According to a recently released Redfin report, America is facing a racial divide when it comes to housing purchasing amid the pandemic. Specifically, an analysis of Redfin data said that Black homebuyers across the nation, many of which are less likely to have the opportunity to work remotely from home when compared to their white counterparts, are being met with much higher home price tags than white homebuyers who are now migrating to the more affordable suburbs, largely to work remotely from home.
According to data, only 20% of Black workers can do their jobs remotely, while 30% of white workers are able to do so. This places Black homebuyers at a severe disadvantage when home hunting. Redfin revealed specifics, reporting that the price tags for homes available for purchase in neighborhoods where Black borrowers purchased homes last year (2019) rose 7% just two months ago (in July). This rise is 1% higher than the price tags present last year in the neighborhoods where the majority of buyers were White.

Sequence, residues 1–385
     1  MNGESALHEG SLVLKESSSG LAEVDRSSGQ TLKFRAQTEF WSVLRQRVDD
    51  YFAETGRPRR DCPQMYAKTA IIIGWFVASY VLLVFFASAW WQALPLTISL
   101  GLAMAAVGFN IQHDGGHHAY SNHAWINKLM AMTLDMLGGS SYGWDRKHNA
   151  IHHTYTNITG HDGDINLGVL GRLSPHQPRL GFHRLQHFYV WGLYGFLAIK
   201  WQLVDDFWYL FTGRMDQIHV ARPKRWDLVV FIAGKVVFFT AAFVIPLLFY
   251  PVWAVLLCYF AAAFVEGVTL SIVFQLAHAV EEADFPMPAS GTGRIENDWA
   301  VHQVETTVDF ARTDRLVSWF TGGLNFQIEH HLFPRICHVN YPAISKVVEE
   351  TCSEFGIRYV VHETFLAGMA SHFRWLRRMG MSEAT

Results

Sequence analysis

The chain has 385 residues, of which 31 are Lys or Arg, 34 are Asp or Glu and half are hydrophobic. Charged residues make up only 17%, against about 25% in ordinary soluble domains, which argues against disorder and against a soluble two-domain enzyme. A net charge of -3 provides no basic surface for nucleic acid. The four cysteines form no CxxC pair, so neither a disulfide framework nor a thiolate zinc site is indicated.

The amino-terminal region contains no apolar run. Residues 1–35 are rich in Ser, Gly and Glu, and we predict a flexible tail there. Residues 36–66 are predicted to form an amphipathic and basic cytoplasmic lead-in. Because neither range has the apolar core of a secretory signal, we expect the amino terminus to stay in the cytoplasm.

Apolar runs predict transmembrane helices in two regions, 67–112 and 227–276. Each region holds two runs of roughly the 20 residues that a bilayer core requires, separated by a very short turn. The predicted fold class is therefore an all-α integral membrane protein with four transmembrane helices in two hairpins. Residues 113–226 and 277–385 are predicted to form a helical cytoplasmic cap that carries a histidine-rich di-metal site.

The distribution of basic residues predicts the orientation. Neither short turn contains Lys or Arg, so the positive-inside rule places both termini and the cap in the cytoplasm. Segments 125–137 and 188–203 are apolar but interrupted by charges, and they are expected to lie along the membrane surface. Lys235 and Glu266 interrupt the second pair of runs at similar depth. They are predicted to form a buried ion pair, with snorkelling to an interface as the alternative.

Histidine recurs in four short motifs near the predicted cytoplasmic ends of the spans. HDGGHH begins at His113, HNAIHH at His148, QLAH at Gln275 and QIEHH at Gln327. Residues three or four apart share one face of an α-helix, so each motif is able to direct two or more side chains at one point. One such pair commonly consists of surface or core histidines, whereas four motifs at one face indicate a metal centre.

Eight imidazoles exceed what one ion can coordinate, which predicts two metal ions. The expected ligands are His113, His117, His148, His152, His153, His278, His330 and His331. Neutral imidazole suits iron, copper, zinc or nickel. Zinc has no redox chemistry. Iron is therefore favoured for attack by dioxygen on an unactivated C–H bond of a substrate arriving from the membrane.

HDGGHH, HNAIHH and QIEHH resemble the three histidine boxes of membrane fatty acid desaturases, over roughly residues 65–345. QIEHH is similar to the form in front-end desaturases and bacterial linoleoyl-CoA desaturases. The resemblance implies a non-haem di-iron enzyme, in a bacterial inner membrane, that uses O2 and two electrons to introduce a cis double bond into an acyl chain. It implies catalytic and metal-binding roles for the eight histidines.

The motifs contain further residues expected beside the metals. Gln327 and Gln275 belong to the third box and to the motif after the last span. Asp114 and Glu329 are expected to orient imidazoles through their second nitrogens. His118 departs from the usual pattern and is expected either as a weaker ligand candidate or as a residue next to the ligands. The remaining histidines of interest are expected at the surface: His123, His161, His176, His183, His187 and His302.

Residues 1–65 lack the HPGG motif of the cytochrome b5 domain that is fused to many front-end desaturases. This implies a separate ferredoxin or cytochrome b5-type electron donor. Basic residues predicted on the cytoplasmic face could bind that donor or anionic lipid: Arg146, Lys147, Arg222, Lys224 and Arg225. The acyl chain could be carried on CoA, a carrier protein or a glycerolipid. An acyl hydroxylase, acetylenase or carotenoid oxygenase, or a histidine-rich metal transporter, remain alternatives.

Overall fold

Redfin arrived at these conclusions by analyzing its data based on home sales during the pandemic. They specifically looked at—then compared against one another—Census tracts where Black buyers bought homes in 2019 versus neighborhoods where White buyers bought homes in 2019. It is noteworthy that neighborhoods where Black shoppers bought homes and neighborhoods where White shoppers bought homes are not mutually exclusive.
The disparity was further revealed by data showing that since the arrival of the pandemic to the United States in May, the amount of home sale transactions dove 15% from this time last year in those neighborhoods where Black buyers purchased houses. In contrast, and far less affected, the number of purchases in neighborhoods where white buyers purchased houses only fell 13%. Pre-pandemic statistics also showed a disparity with home sales back in February of this year, as although the numbers were up in both types of neighborhoods, the amount of purchases by White buyers rose a staggering double the amount as those by Black counterparts (8% and 4% upticks, respectively).